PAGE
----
While officials promise that direct aid to Colorado flooding victims won’t be affected by a possible government shutdown, a standoff in Washington could still end up hurting the state’s recovery efforts.
Emergency funding distributed by the Federal Emergency Management Agency, the Small Business Administration and Housing and Urban Development department to help people rebuild their homes and businesses would still continue to flow if there is a shutdown. However, worker furloughs in those agencies could still potentially slow operations.
“We don’t want to overly alarm people, but when we’re racing for the winter, any of these delays can be problematic,” a spokesman for Democratic Sen. Michael Bennet, Adam Bozzi, said.
Republican Rep. Cory Gardner said he expected the White House to follow through on its promise not to let a shutdown affect those hurt by flooding.
“When Vice President Biden visited Colorado last week, I stood feet away from him as he promised that none of the federal assistance that we’re providing – none of it is – going to be impacted even if there is a government shutdown,” he said in a statement.
Meanwhile, help rebuilding Colorado’s roads before cold sets in could depends on how National Guard members from other states will be paid if there is a partial government shutdown.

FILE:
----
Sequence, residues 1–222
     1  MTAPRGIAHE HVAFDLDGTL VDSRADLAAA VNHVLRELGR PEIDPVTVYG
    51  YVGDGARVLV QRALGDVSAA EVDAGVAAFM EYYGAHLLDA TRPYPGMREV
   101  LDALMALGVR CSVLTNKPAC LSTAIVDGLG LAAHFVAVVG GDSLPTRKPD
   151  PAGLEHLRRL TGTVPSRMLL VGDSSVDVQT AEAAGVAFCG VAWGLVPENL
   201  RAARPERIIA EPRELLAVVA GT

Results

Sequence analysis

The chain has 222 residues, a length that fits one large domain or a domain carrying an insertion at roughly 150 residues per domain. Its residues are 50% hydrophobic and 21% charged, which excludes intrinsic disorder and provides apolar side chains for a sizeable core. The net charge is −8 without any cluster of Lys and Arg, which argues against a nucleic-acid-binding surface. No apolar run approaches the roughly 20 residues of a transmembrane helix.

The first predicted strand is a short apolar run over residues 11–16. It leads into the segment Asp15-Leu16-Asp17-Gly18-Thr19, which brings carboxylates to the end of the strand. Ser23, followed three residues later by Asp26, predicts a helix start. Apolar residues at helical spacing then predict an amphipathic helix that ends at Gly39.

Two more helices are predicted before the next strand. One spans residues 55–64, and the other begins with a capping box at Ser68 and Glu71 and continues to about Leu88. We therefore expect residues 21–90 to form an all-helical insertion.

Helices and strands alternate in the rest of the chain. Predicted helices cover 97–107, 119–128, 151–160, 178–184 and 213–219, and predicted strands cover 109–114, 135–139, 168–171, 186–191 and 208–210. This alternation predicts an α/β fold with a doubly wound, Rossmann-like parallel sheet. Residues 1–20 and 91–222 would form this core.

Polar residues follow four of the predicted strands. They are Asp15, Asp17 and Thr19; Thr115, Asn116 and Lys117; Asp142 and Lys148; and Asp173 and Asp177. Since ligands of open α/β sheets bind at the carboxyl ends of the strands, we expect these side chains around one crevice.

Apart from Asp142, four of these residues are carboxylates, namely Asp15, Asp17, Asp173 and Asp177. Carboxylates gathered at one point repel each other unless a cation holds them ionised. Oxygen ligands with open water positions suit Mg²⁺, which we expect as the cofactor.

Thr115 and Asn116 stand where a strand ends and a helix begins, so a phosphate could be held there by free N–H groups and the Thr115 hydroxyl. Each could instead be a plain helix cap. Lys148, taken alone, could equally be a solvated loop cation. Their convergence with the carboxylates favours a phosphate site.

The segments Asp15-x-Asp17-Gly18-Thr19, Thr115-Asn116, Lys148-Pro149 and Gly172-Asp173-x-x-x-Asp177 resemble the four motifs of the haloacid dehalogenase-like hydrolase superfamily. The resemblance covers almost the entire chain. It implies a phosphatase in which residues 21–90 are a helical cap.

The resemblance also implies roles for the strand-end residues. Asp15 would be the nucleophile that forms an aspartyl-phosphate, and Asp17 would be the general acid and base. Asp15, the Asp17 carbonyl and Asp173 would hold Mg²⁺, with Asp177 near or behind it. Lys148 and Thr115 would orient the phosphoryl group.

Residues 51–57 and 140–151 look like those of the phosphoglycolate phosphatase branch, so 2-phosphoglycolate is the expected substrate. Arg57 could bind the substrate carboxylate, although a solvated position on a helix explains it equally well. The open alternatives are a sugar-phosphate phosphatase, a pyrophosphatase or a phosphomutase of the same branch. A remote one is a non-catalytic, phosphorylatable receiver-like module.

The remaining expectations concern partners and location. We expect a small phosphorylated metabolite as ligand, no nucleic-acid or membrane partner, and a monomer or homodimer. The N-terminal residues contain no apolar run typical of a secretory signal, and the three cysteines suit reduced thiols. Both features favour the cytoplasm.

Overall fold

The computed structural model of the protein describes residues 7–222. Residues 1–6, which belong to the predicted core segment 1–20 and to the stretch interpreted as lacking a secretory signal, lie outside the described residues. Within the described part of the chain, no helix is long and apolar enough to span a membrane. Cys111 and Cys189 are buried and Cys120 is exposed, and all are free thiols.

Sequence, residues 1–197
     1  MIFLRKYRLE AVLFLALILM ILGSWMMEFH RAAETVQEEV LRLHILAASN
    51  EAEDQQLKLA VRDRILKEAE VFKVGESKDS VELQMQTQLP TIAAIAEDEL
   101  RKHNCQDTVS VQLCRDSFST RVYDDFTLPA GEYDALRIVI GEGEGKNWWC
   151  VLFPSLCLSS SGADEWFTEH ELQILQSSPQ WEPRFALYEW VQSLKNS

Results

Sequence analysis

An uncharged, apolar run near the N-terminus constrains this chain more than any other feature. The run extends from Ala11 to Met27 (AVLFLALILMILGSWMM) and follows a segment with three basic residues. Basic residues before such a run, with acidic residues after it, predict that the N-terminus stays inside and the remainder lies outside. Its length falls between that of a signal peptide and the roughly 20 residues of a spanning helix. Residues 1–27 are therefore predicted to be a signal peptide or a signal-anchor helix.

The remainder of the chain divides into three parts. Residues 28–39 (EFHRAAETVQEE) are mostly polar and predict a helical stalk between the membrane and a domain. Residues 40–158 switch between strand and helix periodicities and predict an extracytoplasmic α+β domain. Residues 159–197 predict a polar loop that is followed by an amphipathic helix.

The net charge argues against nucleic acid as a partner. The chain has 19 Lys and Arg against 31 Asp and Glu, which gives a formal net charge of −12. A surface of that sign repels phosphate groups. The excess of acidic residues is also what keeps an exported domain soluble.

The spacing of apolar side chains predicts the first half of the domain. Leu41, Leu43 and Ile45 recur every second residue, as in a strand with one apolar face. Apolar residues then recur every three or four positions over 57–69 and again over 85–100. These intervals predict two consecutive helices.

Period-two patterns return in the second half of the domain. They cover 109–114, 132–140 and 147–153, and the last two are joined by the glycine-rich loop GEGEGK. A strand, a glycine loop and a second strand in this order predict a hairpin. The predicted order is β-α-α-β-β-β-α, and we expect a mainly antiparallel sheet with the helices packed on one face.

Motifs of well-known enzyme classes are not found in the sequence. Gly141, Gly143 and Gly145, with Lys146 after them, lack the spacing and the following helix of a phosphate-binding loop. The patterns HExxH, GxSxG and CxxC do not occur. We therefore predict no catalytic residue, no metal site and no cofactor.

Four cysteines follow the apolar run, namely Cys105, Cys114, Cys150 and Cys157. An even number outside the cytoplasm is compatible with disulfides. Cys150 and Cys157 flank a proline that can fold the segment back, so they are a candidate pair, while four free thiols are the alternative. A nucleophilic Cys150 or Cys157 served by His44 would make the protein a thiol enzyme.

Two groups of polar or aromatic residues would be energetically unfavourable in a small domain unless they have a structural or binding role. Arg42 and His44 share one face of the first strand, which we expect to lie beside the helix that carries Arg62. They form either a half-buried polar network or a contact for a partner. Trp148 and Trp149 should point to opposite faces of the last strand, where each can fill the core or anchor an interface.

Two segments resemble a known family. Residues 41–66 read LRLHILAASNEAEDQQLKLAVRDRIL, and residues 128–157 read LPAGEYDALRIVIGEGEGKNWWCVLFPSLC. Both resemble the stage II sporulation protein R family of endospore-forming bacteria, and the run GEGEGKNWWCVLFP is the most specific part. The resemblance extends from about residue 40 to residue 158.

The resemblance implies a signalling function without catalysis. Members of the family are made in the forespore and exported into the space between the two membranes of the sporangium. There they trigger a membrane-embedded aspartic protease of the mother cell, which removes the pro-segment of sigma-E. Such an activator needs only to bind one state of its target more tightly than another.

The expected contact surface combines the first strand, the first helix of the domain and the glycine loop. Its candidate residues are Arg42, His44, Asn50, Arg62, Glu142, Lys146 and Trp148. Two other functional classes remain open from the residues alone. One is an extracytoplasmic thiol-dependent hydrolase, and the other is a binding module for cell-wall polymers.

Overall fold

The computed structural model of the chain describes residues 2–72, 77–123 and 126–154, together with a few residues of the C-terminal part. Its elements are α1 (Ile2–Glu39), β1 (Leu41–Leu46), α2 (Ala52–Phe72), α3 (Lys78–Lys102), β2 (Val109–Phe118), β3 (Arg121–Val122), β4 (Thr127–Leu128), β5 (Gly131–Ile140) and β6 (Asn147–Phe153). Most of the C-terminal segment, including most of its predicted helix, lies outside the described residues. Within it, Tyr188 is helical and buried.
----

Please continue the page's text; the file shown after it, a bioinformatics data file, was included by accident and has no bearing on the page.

The 1.4 million active-duty military personnel would stay on duty and under a last-minute bill, they should keep getting paychecks on time. That bill included National Guard members.
About 450 Guard members from Utah, Kansas and Wyoming are expected to help rebuild roads in October and November, Capt. Darin Overstreet of the Colorado National Guard said. While Colorado Guard members who flew evacuation helicopters, filled sandbags and were posted to security checkpoints were on active state duty and paid by the state, road engineering units from other states would be paid by the federal government under training status, he said.
Members of the Utah National Guard’s 1457th Engineer Battalion plan to help rebuild U.S. Highway 36 to Rocky Mountain National Park as early as this week. Its members have built roads in Iraq and Afghanistan and also did repairs following hurricanes Katrina and Rita.
Gov. John Hickenlooper said the state would consider using its own emergency funds to pay the National Guard to help with road construction.
“If these knuckleheads in Washington can’t get it together, then we’ll pay them out of our emergency management fund. We cannot let them stop the work that they’re doing. We just can’t,” he said.
The floods killed eight people, damaged or destroyed nearly 2,000 homes, more than 200 miles of state highways and 50 state bridges.
The U.S. Department of Transportation has pledged an initial $35 million for roads, and Colorado has allocated $100 million. On Monday, both the U.S. House and Senate passed bills lifting the $100 million cap on emergency road funding for the state.
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